The Federal Road Safety Commission (FRSC) has got the Presidency’s approval to enforce the Speed Limiting Device from October 1.
Corps Marshal Boboye Oyeyemi yesterday told stakeholders in Abuja that the implementation and enforcement of the device witnessed four postponements from its initial launching date of June 1, 2015, before its final approval.
“The final directive from the Presidency is clear; the enforcement date for the implementation of the speed limiting device is on Oct. 1 and we have had series of stakeholders meeting.
“The essence of today’s meeting is to finally convey the directive of the federal government to the stakeholders that with effect from Oct. 1, the implementation and enforcement would commence.
“We already have the portal that we will use to monitor this, we don’t need to pursue any vehicle, we will just stop you like we verify licence.
“On the tablet we will check whether your vehicle has been installed with the device, if it has not, we will impound the vehicle and we make sure that you do the right thing.
“We are not talking about fines now ,it’s to save lives so we will impound the vehicle then the owner of the vehicle will be made to install the device before the journey continues ,’’ he said.
Oyeyemi said the corps would do this for the next three to six months to achieve enforcement and compliance so as to compel commercial vehicles to install the device.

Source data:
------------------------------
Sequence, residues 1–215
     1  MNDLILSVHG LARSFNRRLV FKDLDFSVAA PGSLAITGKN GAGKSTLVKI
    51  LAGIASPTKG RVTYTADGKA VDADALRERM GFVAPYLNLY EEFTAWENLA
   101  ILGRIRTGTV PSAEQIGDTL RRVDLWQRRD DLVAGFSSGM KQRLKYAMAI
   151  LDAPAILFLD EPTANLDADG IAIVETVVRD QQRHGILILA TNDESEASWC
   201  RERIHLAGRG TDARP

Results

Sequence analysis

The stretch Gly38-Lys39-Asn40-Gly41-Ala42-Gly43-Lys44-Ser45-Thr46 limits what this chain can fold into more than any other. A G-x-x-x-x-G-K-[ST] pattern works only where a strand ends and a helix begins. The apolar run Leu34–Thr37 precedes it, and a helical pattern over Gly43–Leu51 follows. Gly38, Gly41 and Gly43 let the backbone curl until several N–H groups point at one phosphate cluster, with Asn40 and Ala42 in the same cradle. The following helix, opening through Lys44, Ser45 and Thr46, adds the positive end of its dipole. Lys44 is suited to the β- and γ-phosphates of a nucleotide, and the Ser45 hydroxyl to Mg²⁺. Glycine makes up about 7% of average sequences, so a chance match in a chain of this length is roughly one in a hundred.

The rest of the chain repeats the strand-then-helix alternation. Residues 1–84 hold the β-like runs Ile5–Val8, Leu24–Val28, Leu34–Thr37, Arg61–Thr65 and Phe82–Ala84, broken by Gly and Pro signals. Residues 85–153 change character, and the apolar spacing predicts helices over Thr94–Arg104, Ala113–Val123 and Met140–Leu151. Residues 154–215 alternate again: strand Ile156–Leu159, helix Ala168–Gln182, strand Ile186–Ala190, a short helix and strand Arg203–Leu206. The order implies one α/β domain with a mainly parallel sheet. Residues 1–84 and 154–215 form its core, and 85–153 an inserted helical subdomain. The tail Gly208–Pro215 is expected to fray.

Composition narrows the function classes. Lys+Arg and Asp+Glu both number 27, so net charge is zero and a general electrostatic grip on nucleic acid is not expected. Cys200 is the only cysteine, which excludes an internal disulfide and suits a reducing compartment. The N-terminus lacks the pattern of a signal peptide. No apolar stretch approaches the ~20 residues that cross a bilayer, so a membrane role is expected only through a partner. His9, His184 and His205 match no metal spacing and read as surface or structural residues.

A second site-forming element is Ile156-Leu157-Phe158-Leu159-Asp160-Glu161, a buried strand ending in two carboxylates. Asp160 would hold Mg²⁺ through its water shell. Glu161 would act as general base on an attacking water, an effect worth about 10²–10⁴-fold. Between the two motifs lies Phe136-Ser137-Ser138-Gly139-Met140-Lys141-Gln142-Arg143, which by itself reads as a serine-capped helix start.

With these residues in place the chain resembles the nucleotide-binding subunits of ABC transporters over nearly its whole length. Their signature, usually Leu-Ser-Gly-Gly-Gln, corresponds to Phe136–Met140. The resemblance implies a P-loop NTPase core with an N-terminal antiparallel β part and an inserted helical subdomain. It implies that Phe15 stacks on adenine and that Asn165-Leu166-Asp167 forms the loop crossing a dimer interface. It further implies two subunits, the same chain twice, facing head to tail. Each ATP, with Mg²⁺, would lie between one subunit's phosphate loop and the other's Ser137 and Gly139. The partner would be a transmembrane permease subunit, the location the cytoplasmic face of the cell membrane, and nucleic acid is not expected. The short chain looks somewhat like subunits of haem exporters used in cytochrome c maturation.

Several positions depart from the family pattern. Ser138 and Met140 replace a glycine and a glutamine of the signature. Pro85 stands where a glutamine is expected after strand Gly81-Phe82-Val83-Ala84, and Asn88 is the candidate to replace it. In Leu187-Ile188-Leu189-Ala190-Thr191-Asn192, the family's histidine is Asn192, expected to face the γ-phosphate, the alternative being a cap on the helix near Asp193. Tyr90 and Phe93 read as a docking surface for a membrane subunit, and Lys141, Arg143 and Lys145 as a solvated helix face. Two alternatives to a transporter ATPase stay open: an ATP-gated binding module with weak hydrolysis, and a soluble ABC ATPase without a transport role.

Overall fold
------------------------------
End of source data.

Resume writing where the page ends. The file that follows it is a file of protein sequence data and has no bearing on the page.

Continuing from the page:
He said the FRSC was only concerned about commercial vehicles installing it for now, adding that with time the enforcement would extend to private vehicles so as to cut down crashes on the road.
He said the FRSC was relentless on the enforcement of the speed limiting device because speed had been identified as a key risk factor in road traffic injuries.
Oyeyemi said that an increase in average speed of 1km/h typically results in a 3 per cent higher risk of a crash involving injury, with a 4 per cent – 5 per cent increase resulting in fatalities.
“ For car occupants in a crash with an impact speed of 80km/h, the likelihood of death is 20 times what it would have been at an impact speed of 30km/h.
“Speed is the major cause of crashes in Nigeria with commercial vehicles accounting for 65 per cent of the crashes,’’ the corps marshal said.
He said speed related road deaths were avoidable if Nigerians resolved to prevent them, adding that controlling human habits on speeding had not been as effective as desired.